A Week in the Life
The chefs I spoke with. The places I went. The food I ate.
Julia Louis Dreyfus, among her many other sterling qualities, makes the best orange marmalade I’ve ever tasted. So when she reached out to ask if I’d join her on her forthcoming podcast, Wise Up, I kind of thought we’d be talking about food. But when we spoke on Friday we discussed everything under the sun. The premise of the podcast is that she’s asking older women for their best advice.
Not sure I have any wisdom to pass on, but it sure was fun. Julia is as fine, funny and down to earth as you’d imagine. It was a great start to a wonderful week.
On Saturday I had the great good fortune to interview Rita Sodi and Jody Willaims about their new cookbook Via Carota at the Cherry Bombe Cooks and Books Festival. There was much wisdom from these two wonderful women, but I think the biggest takeaway, for me at least, is that the secret to their success is that think of their restaurant as their home and serve the simple food they themselves want to eat. That is, undoubtedly, why it’s the place other chefs want to eat as well. (And yes, you definitely want the book.)
On Sunday I sat down with Ed Lee and Victoria Blamey for a delicious lunch at Seema - and an even more delicious conversation about restaurants. We covered the good, the bad and the ugly in a startlingly candid conversation.
This is how Ed describes his latest project. “I have started a video podcast series that I hope will make a positive impact on the food world. It is meant to be thoughtful, positive, long form and provocative. The format is simple: we dine at a restaurant and we discuss anything from food writing to wine to personal stories. It is beautifully shot and edited and the chef joins us for a discussion too.”
These are two of the country’s most thoughtful chefs, and I think the show is going to be even better than Ed hoped.
(The food at Seema? The word means “terrific” in Tamil, and it is. Chef Vijay Kumar, who is from Tamil Nadu, focuses on the food of Southern India, and there are many dishes I’ve never seen on a menu before. If you want to see everything we ate, I posted it on Instagram, but here’s a little taste of the spiciest, most seductive lamb I’ve ever been lucky enough to eat.)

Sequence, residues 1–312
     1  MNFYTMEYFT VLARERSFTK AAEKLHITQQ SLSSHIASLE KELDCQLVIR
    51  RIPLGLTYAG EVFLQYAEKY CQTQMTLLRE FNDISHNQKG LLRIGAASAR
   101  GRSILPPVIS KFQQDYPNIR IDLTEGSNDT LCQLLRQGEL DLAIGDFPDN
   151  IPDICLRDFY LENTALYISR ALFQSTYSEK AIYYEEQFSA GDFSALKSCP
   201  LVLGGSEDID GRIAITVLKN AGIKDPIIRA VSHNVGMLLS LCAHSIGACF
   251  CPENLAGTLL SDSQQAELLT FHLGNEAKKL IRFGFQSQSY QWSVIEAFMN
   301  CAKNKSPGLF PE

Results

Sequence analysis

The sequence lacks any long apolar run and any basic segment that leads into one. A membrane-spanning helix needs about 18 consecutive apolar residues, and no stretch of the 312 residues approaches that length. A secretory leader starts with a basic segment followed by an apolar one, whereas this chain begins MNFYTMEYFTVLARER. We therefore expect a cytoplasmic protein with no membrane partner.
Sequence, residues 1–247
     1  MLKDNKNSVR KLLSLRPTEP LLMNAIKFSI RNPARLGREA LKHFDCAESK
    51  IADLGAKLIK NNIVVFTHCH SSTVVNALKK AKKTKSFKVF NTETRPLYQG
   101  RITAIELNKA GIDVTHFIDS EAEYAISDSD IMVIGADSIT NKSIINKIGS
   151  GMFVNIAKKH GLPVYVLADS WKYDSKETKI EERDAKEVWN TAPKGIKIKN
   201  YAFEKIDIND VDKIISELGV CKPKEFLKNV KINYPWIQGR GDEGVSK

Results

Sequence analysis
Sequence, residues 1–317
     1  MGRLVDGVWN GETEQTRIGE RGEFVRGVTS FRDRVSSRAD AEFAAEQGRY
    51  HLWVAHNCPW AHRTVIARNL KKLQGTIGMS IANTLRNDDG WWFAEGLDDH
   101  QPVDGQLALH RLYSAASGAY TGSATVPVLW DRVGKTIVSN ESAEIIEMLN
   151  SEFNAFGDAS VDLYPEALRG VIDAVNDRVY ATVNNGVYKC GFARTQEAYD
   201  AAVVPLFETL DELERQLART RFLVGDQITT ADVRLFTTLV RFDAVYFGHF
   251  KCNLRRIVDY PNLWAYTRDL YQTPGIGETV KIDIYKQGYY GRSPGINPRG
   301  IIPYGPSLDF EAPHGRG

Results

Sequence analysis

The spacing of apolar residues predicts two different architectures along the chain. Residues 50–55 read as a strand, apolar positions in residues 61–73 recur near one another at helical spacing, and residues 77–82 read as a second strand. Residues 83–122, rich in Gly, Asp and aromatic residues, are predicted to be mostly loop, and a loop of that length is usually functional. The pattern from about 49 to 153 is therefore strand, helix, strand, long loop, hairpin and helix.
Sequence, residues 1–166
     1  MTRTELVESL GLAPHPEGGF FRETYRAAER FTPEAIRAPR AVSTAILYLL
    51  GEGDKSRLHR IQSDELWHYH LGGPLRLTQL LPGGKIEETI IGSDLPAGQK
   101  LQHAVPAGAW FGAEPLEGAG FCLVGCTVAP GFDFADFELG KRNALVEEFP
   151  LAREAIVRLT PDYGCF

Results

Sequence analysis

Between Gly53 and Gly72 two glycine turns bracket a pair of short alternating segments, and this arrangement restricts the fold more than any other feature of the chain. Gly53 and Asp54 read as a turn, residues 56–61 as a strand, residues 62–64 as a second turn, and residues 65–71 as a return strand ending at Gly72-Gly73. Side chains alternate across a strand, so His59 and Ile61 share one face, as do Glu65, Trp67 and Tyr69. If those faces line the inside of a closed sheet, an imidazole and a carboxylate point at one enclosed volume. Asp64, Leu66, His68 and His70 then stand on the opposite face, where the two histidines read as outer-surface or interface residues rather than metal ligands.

A couple of days later I had the honor of helping Eric Ripert celebrate the golden anniversary of Le Bernardin. The dinner was spectacular.
At the end, Eric and I sat down to talk about everything from why he is one of the world’s most beloved chefs, to the impact Le Bernardin has had on the way fish is sold in America. Answer to the last question: huge. As David Samuels, a third generation fishmonger, said, “Gilbert Le Coze took the whole industry to a new level.”
Still hungry? Always. The following day I had lunch at the new Naro in Rockefeller Center, the latest from the Atomix team. Here they’ve focused on more traditional Korean flavors than at their other restaurants, and the result is pure pleasure. I especially loved this cool octopus salad.
Between meals I spent time wandering around The Tin Building, the new marketplace curated by Jean-Georges Vongerichten. In addition to a lot of cool places to eat, fishmongers, cheese shops and butchers, there’s a fine Asian market with very high-end products like this excellent instant dashi powder.
If you’re not in New York, you can buy it online here - although it’s more expensive than the one at the Tin Building.
Now I’m off to Las Vegas for another interesting assignment. Wolfgang Puck is flying the chefs from his far-flung empire in for a few days, and he’s asked me to run a workshop on where restaurants have been and where they’re going.
I’ll tell you about that next week.